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Encouraging Students’ Participation in Online Classes: Tools and Practices

/ 15 Dec 2020

Encouraging Students’ Participation in Online Classes: Tools and Practices

Editor’s Note: The following article is one in a series offering insights from faculty members at the American University in Cairo on how to make online classrooms more effective. The comments were originally published in New Chalk Talk, a newsletter of the university’s Center for Learning and Teaching, and have been edited for clarity here.

Previous articles in this series: “Making Online Teaching Work: Insights from American University in Cairo Faculty” and “Reduce Workloads to Ease Students’ Stress: Faculty Insights.”

We know many students don’t turn their cameras on and it’s difficult to teach blank screens, but we also know connectivity issues can make it impossible for some students to have good audio while their video is on. We also know students are anxious about how their participation will be graded.

Camera or no camera, students can participate via audio, chat, Google Docs, or doing formative quizzes or polls using tools like Slido, Kahoot or Nearpod. You can ensure every student participates multiple times during a class session using these options. This is actually one of the advantages of online learning—there is space to ensure everyone participates.

Ramy Aly, department of sociology, Egyptology and anthropology:

 “Students can participate verbally, via Zoom chat or via Padlet (which is a great tool). I am also using all the features I can on Zoom to manage participation turn-taking. I should say that most of them are speaking during Zoom, to my surprise, (but) there are a handful who are not engaging using any of these options even though I have sent them many reminders that participation is key and that they can choose their mode of participation. These students will have low participation grades—but there is no way that they don’t know that and in any case that happens whether or not we are online.”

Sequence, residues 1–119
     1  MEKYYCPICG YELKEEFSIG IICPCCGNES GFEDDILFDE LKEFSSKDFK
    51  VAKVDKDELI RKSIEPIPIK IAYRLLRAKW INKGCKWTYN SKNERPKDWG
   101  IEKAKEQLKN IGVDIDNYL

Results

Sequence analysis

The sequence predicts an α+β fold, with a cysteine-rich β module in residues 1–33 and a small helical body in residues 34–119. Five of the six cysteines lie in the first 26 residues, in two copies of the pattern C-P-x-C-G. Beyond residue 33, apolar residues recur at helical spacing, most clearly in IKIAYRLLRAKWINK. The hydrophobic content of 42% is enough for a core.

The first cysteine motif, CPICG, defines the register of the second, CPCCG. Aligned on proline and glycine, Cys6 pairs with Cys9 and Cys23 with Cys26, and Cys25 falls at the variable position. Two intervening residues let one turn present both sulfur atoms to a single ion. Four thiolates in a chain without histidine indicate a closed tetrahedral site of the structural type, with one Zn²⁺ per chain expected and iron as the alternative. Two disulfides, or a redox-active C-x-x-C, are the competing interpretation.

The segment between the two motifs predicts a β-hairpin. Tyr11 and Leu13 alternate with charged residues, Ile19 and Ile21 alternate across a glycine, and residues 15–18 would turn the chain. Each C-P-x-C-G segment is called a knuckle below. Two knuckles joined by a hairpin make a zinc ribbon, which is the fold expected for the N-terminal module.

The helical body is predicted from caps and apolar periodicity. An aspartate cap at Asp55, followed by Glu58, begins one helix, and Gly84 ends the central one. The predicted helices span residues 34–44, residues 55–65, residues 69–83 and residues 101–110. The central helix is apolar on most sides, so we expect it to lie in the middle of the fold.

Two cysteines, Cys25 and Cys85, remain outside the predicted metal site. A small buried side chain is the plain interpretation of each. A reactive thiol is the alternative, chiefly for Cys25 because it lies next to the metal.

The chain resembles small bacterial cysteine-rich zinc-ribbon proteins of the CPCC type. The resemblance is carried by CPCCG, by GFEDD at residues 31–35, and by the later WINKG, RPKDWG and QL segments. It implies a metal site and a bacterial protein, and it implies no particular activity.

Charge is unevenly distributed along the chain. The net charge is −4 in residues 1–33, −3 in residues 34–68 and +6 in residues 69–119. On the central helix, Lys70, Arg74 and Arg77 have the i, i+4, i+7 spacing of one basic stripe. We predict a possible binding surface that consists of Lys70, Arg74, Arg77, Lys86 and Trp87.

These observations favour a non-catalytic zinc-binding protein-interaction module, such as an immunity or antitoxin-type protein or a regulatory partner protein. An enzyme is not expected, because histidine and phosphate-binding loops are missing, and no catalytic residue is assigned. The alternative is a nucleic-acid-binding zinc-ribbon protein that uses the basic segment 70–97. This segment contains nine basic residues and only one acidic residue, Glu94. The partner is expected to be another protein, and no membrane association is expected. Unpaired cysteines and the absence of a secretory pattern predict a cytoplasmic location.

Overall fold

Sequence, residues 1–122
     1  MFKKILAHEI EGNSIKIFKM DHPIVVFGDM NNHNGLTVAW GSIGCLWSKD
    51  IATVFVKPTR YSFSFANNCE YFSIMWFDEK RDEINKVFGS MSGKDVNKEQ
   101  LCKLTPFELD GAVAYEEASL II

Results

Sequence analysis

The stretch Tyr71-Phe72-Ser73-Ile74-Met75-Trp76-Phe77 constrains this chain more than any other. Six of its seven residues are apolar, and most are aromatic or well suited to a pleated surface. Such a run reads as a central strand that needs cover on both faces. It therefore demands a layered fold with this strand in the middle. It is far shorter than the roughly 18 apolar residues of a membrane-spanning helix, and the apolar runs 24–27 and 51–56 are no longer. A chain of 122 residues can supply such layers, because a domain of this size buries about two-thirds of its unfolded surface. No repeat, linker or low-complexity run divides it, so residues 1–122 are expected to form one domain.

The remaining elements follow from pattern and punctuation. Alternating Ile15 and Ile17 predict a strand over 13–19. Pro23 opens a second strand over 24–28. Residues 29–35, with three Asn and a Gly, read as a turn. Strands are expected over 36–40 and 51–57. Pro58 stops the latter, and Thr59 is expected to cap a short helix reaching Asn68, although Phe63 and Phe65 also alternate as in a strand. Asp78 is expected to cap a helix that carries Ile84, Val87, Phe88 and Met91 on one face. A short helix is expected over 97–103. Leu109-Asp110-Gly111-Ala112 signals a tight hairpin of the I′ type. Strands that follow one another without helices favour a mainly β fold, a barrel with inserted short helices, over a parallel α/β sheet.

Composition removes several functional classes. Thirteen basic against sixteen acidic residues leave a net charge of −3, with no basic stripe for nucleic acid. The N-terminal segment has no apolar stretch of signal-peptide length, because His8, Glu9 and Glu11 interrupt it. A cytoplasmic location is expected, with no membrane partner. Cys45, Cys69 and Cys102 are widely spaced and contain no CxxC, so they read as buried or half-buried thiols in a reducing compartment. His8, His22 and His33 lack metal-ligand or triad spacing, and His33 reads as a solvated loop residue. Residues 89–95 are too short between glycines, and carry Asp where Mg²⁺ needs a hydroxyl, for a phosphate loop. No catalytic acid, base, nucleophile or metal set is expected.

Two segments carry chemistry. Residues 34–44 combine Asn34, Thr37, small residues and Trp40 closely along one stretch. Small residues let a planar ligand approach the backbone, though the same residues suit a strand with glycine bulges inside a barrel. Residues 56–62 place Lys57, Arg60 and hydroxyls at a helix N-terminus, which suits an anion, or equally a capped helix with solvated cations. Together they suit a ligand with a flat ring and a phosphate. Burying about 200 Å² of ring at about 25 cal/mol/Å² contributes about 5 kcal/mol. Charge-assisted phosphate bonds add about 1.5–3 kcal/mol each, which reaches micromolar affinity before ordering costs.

Tarek ElSayed, department of physics, has a simple way of quizzing students during the live lecture:

“I scattered throughout all my slides many (multiple-choice question) quizzes in the content of the current slides. I ask students to write down the answer in the Zoom chatbox, and then I can see the answer of each student and select one to discuss the quiz with him/her. It is the same idea of clickers, done on Zoom.”

ElSayed also highlights student achievements in a “hall of fame” Padlet to encourage them.

“All lectures are synchronous but also recorded for those who are not able to attend. My camera is always on.”

Ramy Aly   Department of sociology, Egyptology and anthropology

However, as a teacher, keeping your camera on at least some of the time (when your connectivity allows) can help students feel connected. Students like seeing your face. “All lectures are synchronous but also recorded for those who are not able to attend. My camera is always on,” says Aly.

Thomas Wolsey, Graduate School of Education:

“When students don’t want to turn on their cameras, it can be a challenge to get to know them.  I awarded a badge to students who created an avatar or put a photo up on their Zoom profile.  The avatar or photo doesn’t always show up, depending on how students access Zoom, but it does help them build a sense of connection to the others in the class. Plus, I learn a bit about them from their photos and avatars. One of my undergraduates has a photo of him leaning on a fence in Germany. Another is at (the resort town) Hurghada. Several of the students’ avatars show a playful side that is hard to project in virtual environments.”

Make the Most of Breakout Rooms

Faculty and students alike are reporting success with breakout rooms. General good practice for breakout rooms includes giving students clear written instructions for what to do in the breakout rooms, giving students enough time to work on it, and choosing group sizes appropriate for the task. It is also important for teachers to have a way of keeping track of what is happening in the breakout rooms.